Barring "exotic" applications layered on _top_ of arch, we can expect
arch users to be of the technically knowledgable sort.  They are quite
capable of configuring name resolution at their end nodes.  They will
not need intermediate node systems to agree about their naming choices
and, when they do, they can build such intermediate nodes for
themselves.  (One wouldn't expect, anytime soon, for, say, routers or
email gateways to know anything about arch archive names.)

Moreover, there is no good reason to preclude having multiple "exotic"
applications layered on arch, each using a quite different naming

Consequently, the social and economic reasons for making a DNS root
are simply absent for arch.  There is no reason to build the
assumption of one into the core of arch.

In some bright shiny future where arch is used in a majority of free
software and open source projects, where arch is the basis of process
automation that spans organizational boundaries -- then, yes, at that
time, there will be "exotic" applications layered on _top_ of arch
that have some notion of centralized naming authority.  Jblack has
built one the first prototypes of such a thing.  But our discussion
here is about what assumptions should hold within the core of arch and
no reasons are likely to come up that suggest arch should assume a
singular naming authority.

One could argue that Jblack's super mirror, by not having designed-in
support for graceful handling of contentious archive names, is
self-limited  --- but that argument would have to show that there will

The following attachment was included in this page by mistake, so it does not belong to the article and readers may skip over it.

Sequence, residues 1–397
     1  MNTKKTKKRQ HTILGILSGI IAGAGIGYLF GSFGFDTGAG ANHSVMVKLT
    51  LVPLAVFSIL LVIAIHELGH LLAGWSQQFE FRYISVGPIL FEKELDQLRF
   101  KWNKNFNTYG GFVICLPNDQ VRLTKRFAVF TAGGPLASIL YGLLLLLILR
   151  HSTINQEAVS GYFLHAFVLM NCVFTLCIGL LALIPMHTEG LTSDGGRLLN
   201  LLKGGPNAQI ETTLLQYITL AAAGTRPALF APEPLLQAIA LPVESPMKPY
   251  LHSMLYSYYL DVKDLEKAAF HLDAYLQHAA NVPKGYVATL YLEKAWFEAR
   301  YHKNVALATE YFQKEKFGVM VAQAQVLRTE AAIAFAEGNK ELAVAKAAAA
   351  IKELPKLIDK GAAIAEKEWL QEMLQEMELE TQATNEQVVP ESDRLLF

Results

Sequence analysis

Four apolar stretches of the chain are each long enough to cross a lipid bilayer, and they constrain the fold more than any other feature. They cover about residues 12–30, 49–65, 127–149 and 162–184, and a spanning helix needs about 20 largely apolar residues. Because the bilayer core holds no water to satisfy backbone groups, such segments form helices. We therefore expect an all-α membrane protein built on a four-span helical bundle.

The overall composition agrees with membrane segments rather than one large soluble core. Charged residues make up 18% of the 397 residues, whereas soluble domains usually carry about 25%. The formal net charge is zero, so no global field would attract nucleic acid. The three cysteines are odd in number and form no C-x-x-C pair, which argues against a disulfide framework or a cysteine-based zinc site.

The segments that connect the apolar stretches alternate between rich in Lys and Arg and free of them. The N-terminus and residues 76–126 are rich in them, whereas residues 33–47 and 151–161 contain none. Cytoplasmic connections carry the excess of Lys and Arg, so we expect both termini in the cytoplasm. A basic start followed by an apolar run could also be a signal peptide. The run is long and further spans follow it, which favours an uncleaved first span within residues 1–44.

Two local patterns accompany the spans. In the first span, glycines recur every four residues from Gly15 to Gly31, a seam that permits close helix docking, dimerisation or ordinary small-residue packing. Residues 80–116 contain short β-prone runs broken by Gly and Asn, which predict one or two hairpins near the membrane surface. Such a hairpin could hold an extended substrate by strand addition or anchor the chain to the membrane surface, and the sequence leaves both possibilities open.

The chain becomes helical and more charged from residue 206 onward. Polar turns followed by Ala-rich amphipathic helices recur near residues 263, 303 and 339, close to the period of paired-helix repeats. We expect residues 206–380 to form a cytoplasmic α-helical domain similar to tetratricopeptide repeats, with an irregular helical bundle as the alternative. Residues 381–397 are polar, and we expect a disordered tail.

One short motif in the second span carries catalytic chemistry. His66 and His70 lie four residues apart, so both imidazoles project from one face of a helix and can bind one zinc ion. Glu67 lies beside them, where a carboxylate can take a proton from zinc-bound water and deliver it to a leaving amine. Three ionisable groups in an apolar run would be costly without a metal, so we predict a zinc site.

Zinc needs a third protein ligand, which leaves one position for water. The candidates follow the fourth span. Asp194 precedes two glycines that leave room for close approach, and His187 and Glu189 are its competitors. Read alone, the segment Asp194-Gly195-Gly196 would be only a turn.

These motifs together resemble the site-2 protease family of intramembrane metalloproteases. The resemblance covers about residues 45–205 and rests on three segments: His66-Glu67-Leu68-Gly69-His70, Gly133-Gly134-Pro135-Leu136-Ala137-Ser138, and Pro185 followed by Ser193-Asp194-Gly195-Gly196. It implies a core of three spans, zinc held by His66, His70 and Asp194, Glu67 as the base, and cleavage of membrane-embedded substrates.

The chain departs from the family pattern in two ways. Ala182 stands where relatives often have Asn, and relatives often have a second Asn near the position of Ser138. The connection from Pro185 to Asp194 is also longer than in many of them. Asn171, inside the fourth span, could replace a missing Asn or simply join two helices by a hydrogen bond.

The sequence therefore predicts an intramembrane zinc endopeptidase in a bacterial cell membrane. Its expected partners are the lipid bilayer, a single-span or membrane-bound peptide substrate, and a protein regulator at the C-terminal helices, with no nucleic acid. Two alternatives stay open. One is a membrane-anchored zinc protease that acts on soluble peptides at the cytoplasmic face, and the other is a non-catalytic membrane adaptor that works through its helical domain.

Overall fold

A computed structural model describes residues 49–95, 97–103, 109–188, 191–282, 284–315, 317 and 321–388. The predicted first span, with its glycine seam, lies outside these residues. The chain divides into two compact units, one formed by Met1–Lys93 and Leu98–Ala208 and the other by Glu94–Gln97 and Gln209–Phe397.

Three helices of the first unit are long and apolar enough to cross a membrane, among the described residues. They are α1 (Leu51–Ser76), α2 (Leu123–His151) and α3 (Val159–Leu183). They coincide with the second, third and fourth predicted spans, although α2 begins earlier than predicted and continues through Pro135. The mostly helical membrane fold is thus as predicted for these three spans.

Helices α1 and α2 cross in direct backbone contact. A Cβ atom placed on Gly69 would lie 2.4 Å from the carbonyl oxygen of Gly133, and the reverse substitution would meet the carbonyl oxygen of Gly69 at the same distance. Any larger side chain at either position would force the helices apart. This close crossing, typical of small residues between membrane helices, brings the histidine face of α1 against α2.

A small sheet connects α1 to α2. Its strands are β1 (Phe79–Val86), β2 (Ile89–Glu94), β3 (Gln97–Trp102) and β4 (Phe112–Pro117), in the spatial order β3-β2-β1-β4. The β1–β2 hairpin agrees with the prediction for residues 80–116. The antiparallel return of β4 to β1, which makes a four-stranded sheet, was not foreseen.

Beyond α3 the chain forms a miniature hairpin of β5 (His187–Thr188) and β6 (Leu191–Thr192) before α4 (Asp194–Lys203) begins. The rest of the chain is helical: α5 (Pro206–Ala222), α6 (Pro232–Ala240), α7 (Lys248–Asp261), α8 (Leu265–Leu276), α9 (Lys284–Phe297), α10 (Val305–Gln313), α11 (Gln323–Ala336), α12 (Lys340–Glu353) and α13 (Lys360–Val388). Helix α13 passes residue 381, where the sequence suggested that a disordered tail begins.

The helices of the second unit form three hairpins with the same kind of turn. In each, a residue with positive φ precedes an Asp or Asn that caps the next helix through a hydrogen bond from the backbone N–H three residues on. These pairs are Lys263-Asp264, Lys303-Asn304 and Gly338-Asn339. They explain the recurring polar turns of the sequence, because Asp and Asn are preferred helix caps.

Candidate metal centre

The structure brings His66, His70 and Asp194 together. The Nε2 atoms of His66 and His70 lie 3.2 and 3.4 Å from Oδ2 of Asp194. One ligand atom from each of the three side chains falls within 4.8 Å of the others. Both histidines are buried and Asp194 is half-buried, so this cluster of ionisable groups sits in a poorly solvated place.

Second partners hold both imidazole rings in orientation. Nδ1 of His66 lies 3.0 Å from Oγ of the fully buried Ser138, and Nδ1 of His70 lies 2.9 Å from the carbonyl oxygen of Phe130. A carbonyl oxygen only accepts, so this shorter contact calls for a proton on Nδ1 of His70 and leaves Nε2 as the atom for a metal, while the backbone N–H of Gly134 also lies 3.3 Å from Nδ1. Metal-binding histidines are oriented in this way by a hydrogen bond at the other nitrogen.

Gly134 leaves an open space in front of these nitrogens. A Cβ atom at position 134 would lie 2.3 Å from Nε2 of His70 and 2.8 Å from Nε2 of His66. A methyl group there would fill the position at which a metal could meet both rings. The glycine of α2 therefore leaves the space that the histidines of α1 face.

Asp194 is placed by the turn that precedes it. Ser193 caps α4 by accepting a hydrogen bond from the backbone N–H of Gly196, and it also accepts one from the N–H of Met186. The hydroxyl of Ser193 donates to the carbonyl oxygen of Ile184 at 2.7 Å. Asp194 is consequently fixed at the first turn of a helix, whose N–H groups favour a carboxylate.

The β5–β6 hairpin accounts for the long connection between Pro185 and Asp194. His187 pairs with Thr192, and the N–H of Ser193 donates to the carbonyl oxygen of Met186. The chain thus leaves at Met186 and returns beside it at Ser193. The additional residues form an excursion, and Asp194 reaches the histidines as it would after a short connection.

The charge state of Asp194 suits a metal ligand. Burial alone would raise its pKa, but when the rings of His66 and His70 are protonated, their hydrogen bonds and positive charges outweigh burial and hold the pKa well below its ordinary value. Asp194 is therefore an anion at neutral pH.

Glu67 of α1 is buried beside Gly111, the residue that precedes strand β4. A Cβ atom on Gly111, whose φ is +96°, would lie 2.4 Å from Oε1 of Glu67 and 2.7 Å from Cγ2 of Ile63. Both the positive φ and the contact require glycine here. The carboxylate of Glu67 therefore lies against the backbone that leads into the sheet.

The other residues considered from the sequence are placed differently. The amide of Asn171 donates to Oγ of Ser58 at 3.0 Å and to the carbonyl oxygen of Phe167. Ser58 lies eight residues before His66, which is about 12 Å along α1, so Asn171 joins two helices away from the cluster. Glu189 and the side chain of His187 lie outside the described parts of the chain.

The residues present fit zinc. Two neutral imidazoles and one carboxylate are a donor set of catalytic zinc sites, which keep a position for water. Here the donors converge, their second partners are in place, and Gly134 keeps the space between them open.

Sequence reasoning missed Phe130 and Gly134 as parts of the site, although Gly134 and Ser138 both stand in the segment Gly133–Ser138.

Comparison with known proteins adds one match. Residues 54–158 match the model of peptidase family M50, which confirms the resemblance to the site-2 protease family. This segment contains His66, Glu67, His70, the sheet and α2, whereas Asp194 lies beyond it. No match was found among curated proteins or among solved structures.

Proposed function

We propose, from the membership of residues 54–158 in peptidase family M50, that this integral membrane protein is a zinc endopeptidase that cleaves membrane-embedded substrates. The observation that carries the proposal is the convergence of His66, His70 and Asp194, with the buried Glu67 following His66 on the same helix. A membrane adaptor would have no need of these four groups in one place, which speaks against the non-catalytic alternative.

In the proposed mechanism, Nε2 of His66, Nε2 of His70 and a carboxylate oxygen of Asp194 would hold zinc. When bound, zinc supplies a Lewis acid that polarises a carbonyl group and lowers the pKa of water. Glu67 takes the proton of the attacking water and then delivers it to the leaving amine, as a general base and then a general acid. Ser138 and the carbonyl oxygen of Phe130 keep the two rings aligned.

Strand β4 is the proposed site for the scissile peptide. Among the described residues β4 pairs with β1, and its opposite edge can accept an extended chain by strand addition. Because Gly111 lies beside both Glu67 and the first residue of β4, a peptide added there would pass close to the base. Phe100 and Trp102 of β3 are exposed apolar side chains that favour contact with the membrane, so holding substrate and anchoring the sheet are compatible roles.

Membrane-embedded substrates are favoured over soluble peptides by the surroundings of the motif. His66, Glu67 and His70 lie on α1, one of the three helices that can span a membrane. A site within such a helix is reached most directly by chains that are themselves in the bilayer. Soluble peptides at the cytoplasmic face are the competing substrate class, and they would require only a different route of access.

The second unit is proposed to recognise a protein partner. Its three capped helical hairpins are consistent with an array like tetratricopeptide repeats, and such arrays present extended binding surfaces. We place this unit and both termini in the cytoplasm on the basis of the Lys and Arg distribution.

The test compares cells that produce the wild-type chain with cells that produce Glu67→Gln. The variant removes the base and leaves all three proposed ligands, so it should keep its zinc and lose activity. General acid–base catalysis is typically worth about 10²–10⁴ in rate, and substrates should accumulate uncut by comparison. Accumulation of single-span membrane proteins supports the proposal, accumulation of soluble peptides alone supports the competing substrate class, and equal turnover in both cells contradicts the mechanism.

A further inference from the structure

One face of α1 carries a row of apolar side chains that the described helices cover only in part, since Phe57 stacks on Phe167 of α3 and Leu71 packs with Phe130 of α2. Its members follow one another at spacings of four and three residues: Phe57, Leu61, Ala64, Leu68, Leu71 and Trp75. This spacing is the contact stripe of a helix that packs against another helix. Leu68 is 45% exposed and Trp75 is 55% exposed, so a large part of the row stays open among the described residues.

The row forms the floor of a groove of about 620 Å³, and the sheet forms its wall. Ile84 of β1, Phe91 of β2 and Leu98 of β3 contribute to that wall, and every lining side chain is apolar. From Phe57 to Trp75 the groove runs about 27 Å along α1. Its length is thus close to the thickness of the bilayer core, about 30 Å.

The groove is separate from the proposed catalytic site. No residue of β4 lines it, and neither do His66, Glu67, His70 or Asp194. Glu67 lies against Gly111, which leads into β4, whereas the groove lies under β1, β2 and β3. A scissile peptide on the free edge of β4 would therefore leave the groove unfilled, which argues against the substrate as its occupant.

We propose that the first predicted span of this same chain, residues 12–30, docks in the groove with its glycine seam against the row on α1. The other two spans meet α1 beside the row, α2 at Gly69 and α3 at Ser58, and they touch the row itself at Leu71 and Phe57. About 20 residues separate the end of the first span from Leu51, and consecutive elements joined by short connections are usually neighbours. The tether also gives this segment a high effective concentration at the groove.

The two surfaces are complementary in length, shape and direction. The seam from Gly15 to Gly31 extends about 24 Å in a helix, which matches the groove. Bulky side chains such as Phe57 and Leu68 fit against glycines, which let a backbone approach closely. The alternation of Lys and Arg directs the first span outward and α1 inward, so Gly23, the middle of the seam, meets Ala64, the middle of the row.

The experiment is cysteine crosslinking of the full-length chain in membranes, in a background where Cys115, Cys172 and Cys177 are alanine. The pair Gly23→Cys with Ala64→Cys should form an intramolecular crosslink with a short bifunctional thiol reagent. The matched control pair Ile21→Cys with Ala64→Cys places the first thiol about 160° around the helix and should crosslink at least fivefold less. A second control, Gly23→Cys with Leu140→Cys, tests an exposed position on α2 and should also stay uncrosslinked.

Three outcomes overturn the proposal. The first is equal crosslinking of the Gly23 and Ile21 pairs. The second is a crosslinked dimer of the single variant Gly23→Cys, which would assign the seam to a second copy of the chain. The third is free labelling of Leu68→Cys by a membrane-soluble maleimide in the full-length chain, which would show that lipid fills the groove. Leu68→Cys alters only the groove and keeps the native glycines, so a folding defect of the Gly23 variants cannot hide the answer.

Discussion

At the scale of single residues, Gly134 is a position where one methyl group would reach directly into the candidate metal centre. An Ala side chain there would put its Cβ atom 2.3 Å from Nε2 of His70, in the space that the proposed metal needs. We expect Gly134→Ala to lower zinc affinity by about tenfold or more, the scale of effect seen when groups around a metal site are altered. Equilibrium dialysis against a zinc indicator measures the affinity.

be demand for a generic supermirror-ilke functionality among a user
community that is, in fact, using a non-consistent namespace of
archives.   We can only guess, but my betting money is elsewhere.

    >     Tom> If you got silly about it, there'd be some heavy sighs and
    >     Tom> somebody else would put up a new supermirror.  We'd just
    >     Tom> recall our proxy.

    > This hasn't worked for Microsoft yet.  Monopolies have their limits,
    > but they can extract a lot of rent, and worse, exclude a lot of users,
    > before reaching them.

Perhaps.  I don't see how that much genuine leverage can be gained in
this specific case.  I sure this won't stop some people from trying

    >     Tom> in the back room, start to work out a revenue model.

    > You really think Sourceforge and Savannah will allow that?  Not that
    > their managers have any designs on you and jblack personally, but if
    > arch gets to that point, don't you think they'll offer arch hosting?
    > Once they do, why would a user, either the developer or the client, be
    > willing to pay?  (Well, timely list mail delivery might be one reason.
    > ;-)

Both of those systems are paid for and neither is paid for by the
developers or clients, at least not directly.

    > Or how about Google---since arch is decentralized, doesn't it seem
    > likely that something like Google would make it possible to search for
    > arch archives, and that supermirrors would be unnecessary?

It's interesting that Google has not made a significant dent on the
project hosts.  It is a fairly rare event that I decide to find some
package I'm looking for by searching on Google.